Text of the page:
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Hunter, Sam

    Image Credit: Princeton

    Full Name: Hunter, Sam

    Other Names:

    • Sam Hunter

    Gender: male

    Date Born: 05 January 1923

    Place Born: Springfield, Hampden, MA, USA

    Home Country/ies: United States

    Subject Area(s): Modern (style or period)


    Modernist art historian and Princeton University professor. Hunter’s parents were Morris Hunter and Lottie Sherman (Hunter). Hunter attended Williams College, receiving an A.B. in 1943, Phi Beta Kappa. During World War II, Hunter served in the U.S. Navy, 1943-1946 where he rose to lieutenant junior grade and awarded five battle stars. He joined the New York Times as art critic in 1947 (through 1949), continuing study at the University of Florence where he was awarded a Certificate of Studies in 1951. In 1952 Hunter began a long association with the art publisher Harry N. Abrams, Inc., then only a three-year-old company–both publishing and editing–as an editor, though initially only one year, before moving to Arts (magazine) editor in 1953. He married Edys Merrill in 1954. His first book for Abrams, Raoul Duffy was published for the Library of Great Painters series the firm was developing in 1954. In 1955 he was appointed associate professor of art history, University of California, Los Angeles, associate professor, but a call to the Museum of Modern Art, New York to be a curator of painting and sculpture took him from UCLA in 1956. Hunter moved again to the Minneapolis Institute of Arts to be chief curator and acting director in 1958. Hunter merged academics and museum work, teaching at Brandeis University, Waltham, MA, at the rank of associate professor of fine arts and director of Rose Art Museum and of Poses Institute of Fine Arts in 1960. He was appointed director of the Jewish Museum, New York City in 1965, succeeding Alan Solomon (1920-1970), who had moved the museum into contemporary art. He also began lecturing as a visiting professor, Cornell University, 1967-1969. Hunter fell into a public disagreement with the board of the museum regarding how much the museum should focus on contemporary art. He resigned in in 1969 and appointed (full) professor of art and archaeology and curator of modern art at Princeton University Art Museum the same year and returning to advising Harry N. Abrams, as consulting editor. He acted as vice-president and editor-in-chief for the firm 1971-1972, followed by a Guggenheim fellowship for the 1971-1972 year. In the 1970s, Abrams attempted to follow the success of their survey of the history of art by Horst Woldemar Janson; Hunter wrote the first edition of his survey on modern American art, American Art of the 20th Century in 1972 and a monograph on Larry Rivers. He was the Robert Sterling Clark Visiting Professor, Clark Art Institute and Williams College for 1976 and divorced his first wife. Hunter and Milton W. Brown combined Brown’s History of American Art to 1900, 1977, with Hunter’s to form one survey of American art in general, released in 1979. He wrote the history of MoMA and its collection for the Museum, published in 1984. He married Maia Natasha Spiegelman (b. 1958), a painter and arts administrator, in 1986.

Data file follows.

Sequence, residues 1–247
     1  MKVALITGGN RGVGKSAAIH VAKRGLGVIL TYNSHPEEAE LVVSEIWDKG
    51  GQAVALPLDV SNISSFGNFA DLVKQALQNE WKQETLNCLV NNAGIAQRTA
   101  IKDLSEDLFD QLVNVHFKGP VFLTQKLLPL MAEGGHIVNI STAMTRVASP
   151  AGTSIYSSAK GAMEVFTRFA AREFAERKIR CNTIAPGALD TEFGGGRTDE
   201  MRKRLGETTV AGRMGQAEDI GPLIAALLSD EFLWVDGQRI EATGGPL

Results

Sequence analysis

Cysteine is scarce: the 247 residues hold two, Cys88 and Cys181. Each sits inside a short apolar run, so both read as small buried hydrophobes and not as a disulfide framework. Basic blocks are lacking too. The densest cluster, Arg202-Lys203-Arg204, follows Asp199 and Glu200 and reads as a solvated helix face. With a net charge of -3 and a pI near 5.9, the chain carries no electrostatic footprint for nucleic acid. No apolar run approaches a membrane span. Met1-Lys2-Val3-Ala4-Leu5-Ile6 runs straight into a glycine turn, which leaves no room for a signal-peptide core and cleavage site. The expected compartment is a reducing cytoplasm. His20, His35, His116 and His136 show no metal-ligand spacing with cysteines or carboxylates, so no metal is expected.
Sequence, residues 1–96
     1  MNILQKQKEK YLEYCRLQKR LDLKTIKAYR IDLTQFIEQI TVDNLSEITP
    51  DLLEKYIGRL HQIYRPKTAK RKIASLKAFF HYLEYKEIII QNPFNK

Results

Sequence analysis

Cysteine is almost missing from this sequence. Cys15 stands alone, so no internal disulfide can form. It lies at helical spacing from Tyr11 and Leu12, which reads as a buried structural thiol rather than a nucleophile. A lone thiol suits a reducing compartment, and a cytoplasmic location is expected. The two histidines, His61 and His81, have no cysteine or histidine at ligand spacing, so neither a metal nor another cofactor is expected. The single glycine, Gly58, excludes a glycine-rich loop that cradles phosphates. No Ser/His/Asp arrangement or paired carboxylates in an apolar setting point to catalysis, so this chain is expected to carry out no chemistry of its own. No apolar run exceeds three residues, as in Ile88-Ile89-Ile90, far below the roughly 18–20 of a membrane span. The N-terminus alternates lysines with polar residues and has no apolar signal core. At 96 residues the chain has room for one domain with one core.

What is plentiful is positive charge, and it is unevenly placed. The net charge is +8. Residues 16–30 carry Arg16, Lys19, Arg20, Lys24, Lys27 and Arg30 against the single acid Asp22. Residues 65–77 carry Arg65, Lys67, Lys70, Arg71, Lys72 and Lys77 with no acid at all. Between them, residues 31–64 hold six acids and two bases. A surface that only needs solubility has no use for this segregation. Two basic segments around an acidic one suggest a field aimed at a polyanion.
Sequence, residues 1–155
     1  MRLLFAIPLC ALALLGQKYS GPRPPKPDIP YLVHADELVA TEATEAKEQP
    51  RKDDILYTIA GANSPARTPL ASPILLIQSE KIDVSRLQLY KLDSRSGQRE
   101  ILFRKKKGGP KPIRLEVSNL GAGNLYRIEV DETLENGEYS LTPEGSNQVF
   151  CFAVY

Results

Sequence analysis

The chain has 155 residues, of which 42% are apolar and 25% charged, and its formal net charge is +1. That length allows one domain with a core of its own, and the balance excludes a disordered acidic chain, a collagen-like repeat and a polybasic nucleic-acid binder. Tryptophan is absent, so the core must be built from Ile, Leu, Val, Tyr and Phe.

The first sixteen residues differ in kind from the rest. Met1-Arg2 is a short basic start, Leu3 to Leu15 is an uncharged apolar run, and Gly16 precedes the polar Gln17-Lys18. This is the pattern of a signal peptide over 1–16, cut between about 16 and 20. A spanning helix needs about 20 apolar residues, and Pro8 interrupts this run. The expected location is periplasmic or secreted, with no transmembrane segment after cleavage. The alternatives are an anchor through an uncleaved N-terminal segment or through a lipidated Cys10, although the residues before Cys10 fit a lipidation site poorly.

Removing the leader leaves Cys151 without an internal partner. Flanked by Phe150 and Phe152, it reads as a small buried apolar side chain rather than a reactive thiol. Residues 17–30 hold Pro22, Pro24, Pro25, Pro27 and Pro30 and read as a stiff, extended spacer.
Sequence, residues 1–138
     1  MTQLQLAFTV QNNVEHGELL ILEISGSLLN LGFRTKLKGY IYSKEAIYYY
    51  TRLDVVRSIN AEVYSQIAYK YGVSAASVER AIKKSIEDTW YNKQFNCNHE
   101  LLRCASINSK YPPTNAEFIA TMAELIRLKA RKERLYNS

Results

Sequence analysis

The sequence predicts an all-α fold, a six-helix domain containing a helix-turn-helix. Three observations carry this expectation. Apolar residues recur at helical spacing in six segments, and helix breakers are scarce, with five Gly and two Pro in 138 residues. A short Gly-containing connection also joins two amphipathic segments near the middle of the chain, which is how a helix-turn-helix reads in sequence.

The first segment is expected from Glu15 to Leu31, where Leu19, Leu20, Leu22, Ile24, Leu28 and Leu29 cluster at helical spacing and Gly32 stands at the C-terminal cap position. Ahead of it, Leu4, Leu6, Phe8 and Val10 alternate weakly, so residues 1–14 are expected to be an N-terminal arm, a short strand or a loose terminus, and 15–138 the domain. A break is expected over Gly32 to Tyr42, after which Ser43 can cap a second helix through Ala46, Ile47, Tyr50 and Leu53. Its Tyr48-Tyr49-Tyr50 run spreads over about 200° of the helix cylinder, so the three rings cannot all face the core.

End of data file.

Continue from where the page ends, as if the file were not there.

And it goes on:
Selected Bibliography

    Raoul Dufy. New York: H. N. Abrams, 1954; American Art of the 20th Century. New York, H. N. Abrams, 1972; Rivers. New York, H. N. Abrams, 1972; and Brown, Milton. American Art: Painting, Sculpture, Architecture, Decorative Arts, Photography. New York: Abrams, 1979; The Museum of Modern Art, New York: the History and the Collection by Museum of Modern Art. New York: H. N. Abrams/Museum of Modern Art, New York, 1984;


    Esterow, Milton. “Director of Jewish Museum Quits in Policy Rift, Hunter Decries ‘Increasing Emphasis on Judaica,’ He Stressed Avant-Garde Art in Two-Year Tenure.” New York Times October 25, 1967, p. 42; Halasz, Piri. “Art Criticism (and Art History) in New York: the 1940s vs the 1980s–Part one: the Newspapers.” Arts Magazine 57 (February 1983): 91-3ff.; personal correspondence, Maia Hunter, August 2012.

    Contributors: Lee Sorensen


    Lee Sorensen. "Hunter, Sam." Dictionary of Art Historians (website).

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